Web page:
Strongwell honored for corporate citizenship

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Print this page by Tim Thornton
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Strongwell traces its roots to a furniture factory founded
in 1924. Photo courtesy Strongwell Corp.

Like every Eagle Scout, John Tickle had to organize, supervise and complete a public service project. The habit stuck. It continues with his family’s Bristol-based company, Strongwell Corp.

“They’re super-involved in the community,” says Lennie Gail Mitcham, executive director of the Southwest Virginia Alliance for Manufacturing.

The company is so involved, Mitcham says, the narrative introducing Strongwell as the alliance’s “Manufacturer of the Year” was extra long.

“They’re very big on corporate citizenship,” Mitcham says, ticking off a long list of organizations, causes and services the company and its employees serve. Boys and Girls Clubs, the Boy Scouts and the Birthplace of Country Music are among the groups that have benefited from Strongwell’s involvement.

The company also promotes advanced manufacturing as a potential career for young people in Southwest Virginia through tours, internships and the support of groups such as YMCA Tech Girls.

“Innovation, corporate citizenship and advocacy,” Mitcham says, “They definitely hit the mark on all those things.”

Strongwell’s four plants produce tens of thousands of feet of structural fiberglass parts every hour, according to the company’s website, using a process called pultrusion.  Pultrusion involves pulling liquid resin and reinforcing fibers through heated metal dies. Depending on the ingredients and dies used, the end product can range from studs and nuts to components for wastewater treatment facilities to other components that can be assembled into complete buildings.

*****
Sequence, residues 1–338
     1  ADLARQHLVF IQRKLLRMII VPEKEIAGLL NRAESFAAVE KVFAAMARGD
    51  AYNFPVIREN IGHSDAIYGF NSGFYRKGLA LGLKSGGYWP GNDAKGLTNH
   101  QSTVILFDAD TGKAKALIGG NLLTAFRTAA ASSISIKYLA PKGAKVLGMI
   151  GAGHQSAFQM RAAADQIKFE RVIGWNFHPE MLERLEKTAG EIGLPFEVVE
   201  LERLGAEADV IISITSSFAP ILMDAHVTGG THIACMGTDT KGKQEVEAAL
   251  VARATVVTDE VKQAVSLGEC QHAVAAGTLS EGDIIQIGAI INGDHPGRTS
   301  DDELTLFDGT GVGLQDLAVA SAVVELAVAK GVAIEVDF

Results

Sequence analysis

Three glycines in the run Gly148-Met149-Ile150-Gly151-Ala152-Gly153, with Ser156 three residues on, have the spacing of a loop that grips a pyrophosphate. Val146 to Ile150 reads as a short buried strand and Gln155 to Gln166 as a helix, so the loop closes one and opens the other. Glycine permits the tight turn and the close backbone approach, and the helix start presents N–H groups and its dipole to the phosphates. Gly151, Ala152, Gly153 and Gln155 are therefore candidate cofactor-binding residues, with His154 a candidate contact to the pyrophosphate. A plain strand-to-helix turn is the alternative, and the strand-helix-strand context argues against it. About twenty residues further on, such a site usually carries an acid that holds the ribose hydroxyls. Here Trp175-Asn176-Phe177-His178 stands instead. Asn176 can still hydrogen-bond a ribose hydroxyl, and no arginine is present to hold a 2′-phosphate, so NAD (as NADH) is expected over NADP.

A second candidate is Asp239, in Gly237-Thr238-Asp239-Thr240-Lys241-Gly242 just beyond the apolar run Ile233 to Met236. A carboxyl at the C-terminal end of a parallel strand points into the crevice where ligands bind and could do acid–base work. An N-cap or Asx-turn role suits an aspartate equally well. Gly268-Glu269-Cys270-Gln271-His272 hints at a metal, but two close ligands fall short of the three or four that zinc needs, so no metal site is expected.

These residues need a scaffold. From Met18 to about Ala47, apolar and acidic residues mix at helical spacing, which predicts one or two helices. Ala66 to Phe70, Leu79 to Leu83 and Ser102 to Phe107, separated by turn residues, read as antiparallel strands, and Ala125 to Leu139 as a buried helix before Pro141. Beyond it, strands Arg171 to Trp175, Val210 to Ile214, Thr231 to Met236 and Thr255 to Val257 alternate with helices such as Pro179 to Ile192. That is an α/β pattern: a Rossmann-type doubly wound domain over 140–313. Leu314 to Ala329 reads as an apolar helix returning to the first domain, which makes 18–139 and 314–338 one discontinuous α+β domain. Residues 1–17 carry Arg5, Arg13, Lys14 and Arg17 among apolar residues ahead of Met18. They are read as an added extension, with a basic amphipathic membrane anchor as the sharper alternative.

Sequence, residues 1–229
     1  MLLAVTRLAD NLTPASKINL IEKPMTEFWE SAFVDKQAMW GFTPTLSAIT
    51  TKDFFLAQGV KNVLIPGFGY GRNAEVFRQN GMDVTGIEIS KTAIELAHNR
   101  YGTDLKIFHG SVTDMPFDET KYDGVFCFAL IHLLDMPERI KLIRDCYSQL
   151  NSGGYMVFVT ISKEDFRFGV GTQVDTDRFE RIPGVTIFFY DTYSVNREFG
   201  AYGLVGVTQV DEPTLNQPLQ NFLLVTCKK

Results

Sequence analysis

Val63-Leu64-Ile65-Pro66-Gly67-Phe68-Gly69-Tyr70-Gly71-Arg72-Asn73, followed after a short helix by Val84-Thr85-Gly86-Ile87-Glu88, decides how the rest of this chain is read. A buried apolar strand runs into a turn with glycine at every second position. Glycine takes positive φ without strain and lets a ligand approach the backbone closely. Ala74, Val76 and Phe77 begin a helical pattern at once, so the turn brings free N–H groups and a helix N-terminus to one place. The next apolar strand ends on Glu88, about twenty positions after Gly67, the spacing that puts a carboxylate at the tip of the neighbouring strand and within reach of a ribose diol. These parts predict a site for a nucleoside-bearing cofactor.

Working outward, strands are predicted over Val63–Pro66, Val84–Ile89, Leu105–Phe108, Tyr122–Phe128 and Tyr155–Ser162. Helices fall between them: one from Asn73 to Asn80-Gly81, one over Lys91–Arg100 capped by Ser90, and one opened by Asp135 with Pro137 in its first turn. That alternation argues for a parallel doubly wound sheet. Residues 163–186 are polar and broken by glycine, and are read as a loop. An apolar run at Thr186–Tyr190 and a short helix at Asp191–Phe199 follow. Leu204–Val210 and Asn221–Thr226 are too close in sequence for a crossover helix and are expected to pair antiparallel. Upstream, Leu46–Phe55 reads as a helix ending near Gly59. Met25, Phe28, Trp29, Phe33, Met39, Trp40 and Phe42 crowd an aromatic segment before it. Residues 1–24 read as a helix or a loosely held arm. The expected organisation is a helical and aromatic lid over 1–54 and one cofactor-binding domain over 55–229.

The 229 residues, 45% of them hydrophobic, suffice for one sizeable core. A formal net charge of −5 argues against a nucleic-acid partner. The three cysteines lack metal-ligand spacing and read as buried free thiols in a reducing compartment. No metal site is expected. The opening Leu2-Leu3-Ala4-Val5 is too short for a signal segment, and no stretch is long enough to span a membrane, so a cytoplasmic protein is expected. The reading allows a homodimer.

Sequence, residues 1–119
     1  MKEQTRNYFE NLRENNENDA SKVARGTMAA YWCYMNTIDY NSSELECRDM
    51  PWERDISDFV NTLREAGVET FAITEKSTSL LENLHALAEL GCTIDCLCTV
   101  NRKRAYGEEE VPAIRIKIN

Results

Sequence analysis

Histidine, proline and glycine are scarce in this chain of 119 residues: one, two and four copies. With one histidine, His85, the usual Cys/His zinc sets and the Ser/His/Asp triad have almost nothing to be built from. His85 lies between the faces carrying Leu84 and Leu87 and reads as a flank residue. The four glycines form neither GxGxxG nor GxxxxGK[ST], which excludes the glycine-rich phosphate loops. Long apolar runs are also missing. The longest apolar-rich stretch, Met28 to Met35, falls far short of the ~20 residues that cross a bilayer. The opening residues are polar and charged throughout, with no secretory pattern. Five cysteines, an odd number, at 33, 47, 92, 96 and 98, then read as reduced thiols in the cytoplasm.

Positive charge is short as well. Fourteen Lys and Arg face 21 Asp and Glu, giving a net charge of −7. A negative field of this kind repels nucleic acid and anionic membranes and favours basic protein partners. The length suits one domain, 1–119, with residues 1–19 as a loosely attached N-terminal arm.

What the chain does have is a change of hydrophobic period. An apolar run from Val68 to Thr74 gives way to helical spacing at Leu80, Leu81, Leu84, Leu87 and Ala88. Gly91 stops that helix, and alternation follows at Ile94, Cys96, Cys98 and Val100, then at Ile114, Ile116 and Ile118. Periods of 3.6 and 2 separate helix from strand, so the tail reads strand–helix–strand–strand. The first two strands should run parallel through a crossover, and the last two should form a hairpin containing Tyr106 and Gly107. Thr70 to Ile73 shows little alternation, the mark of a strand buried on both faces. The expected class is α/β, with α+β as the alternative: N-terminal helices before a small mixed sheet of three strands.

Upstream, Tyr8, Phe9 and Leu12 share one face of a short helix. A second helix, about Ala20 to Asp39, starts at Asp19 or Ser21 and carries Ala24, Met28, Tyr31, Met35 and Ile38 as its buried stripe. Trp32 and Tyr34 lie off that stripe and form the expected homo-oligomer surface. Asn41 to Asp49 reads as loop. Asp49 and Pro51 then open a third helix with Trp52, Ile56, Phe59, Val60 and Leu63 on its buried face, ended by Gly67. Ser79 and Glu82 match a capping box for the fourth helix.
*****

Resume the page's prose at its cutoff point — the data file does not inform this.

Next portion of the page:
Strongwell traces its roots to a Bristol factory that started building furniture in 1924. During World War II, Strongwell’s corporate ancestor switched from building radio cabinets to making parts for weapons.

In 1956, the company produced its first pultrusion plastic products, ladder rails. They are still an important part of the company’s product line.

That group now includes a variety of products, including power poles, bridge components and building panels that can withstand a shot from a .357 magnum or a projectile hurled by a 250 mph hurricane.

“After the Great Recession, we became a very diversified company,” says Tekai Shu, Strongwell’s social media and business development manager.
Since its inception, the company has gone through a number of ownership changes, moving from private to public and back to private.

It added plants and production processes until Tickle and his family gained ownership of Strongwell — Tickle worked at the company nearly 30 years before his family took full ownership — and focused its efforts on pultrusion.

Strongwell also focuses on promoting advanced manufacturing in a region known for coal mines, furniture plants and textile mills.
“There hasn’t been a real great focus on manufacturing within our region,” Shu says.

To change that, Shu says, Strongwell hosts 20 to 24 tours each year for middle school pupils up to MBA candidates, showing them the operations and job opportunities of advanced manufacturing.

With more than 650,000 square feet of manufacturing capacity, more than 10,000 square feet of lab space and a wide range of products to create and market, Strongwell needs workers on and off the factory floor following a variety of career paths.  The company is blazing new paths in other ways, too. In a field stereotypically dominated by men and in a region stereotypically portrayed as overwhelmingly white, more than 60 percent of Strongwell’s workers are women and more than 20 percent are minorities.

“We’re very proud of that,” says Shu.

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